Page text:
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When It Comes To Buying Organic, Science And Beliefs Don't Always Mesh

Friday, September 07, 2012

We heard from a lot of you — and we mean a lot of you — about our recent report on the Stanford School of Medicine analysis of several studies on the health effects of organic foods.

The upshot of the Stanford review, as we reported, was that the scientists found very little evidence of health benefits. As we explained, the limitation of the review is that many of the studies included were narrowly targeted and that they didn't last longer than a couple of years. Basically, more studies are needed to determine whether there are measurable health benefits from eating organically grown food.

But many of you wrote in to us and to Morning Edition to let us know you weren't happy with the study or our coverage of it. What about environmental benefits? you asked. How could pesticide residues on conventionally grown food not be bad for us? What about genetically modified food? And, aren't you just shilling for the big food companies?

Listen to the radio piece this morning as correspondent Allison Aubrey addresses some of those questions, and our brain & behavior science correspondent, Shankar Vendantam, provides some possible explanations for why people react so strongly when it comes to questions raised about organic food. Hint: There are a variety of motivations for buying organic, many of which have to do with personal values and perceptions, rather than scientific reasons, Vendantam explains.

Rest assured, this isn't the last word on organics, either from us or from science.

Copyright 2012 National Public Radio. To see more, visit http://www.npr.org/.

Source: NPR

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Comments [2]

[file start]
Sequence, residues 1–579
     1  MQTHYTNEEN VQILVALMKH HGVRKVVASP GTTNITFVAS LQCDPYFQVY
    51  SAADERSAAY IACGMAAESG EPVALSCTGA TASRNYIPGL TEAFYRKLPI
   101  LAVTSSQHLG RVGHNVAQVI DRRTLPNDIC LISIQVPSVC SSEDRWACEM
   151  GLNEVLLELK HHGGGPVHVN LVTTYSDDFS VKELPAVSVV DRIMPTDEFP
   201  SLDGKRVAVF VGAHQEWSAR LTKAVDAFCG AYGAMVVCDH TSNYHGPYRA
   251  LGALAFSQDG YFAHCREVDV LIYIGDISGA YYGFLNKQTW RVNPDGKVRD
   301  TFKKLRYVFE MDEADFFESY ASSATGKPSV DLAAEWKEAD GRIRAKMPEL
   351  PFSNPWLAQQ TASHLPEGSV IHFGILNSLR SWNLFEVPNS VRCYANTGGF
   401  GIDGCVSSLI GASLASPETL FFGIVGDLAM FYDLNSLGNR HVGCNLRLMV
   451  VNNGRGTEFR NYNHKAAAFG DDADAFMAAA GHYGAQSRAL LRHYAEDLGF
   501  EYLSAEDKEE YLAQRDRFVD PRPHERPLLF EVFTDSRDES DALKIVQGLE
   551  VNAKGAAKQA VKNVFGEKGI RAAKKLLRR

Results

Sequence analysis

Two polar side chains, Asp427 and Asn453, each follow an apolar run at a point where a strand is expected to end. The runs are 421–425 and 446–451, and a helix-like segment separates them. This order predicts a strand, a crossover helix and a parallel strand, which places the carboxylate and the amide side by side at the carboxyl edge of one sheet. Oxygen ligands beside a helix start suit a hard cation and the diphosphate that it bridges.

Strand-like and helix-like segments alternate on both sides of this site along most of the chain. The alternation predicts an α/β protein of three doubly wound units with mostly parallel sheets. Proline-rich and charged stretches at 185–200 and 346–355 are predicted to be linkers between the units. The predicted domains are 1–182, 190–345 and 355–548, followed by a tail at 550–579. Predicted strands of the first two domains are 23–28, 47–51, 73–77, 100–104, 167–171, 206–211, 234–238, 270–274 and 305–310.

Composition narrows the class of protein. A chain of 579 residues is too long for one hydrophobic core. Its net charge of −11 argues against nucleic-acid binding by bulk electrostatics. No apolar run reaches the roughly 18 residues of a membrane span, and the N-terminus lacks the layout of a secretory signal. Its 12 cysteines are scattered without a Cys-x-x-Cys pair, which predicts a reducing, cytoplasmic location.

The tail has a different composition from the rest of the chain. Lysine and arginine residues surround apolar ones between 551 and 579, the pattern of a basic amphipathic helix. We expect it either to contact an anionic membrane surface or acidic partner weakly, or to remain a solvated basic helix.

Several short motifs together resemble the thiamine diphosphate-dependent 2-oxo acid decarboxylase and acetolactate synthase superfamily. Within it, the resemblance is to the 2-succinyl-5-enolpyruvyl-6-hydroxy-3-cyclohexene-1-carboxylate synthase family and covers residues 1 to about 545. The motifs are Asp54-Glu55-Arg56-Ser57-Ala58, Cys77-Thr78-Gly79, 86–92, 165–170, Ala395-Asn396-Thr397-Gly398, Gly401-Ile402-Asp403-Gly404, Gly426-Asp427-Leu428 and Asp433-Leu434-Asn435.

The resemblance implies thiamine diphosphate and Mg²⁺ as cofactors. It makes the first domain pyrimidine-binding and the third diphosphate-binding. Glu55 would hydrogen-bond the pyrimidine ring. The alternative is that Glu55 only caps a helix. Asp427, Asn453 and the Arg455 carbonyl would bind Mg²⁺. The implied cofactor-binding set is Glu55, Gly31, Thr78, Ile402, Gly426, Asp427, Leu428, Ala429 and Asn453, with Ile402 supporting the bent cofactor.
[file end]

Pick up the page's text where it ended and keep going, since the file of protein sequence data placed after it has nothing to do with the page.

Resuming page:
Joan Julien

A few years ago I started to experience severe insomnia and itching. I pay close attention to what my body tells me, and suspected it had something to do with food. I cut out almost everything, and found I only fell asleep when I ate rice. Now, one cannot survive on rice alone, and I became worried. Then I saw an article in New York Times, I think it was written by Marion Burros, about where to buy organic foods in the city. I live in Queens and the places were all in Manhattan.

I made the trip to Manhattan and bought some organic foods and was able to fall asleep again while eating a healthy diet. I love water melon but if I eat a piece I stay up all night, same goes for Chilean grapes,and I recently had the same experience with plantains from Panama. I never saw a doctor about my insomnia because I know they would only encourage me to take sleeping pills. I don't think I am the only person with this problem. I think people are not aware that their insomnia is caused by pesticide residue in the foods.

Sep. 08 2012 11:45 PM
Peter Anderson

Your reporting on organic foods this week is an example of the reactionary shift I've seen in public radio over the years. Your report was superficial and prejudicial. The tone of your reporting was particularly telling. It was snarky and dismissive.

First, you assume that the people who eat organic foods must be selfish and narcissistic. When you get feedback from your listeners that disconfirms your prejudice, you accuse them of having "psychological" motives for eating organic foods. Organic means much more than the nutritional content of food grown organically. It's about sustainability, environmental health, local community empowerment, social justice and more. Most tellingly, here was not one mention of the hundreds of thousands of migrant/illegal laborers who put conventional/chemically farmed food on American tables. Who are the self centered narcisissists here? Do you care about whether migrant workers get sprayed with pesticides as they work in the fields? A bettter use of your time would be to report on birth defects in the children of the people who provide the food farmed in the environmentally destructive way you seem to be advocating.

Sep. 07 2012 08:16 AM

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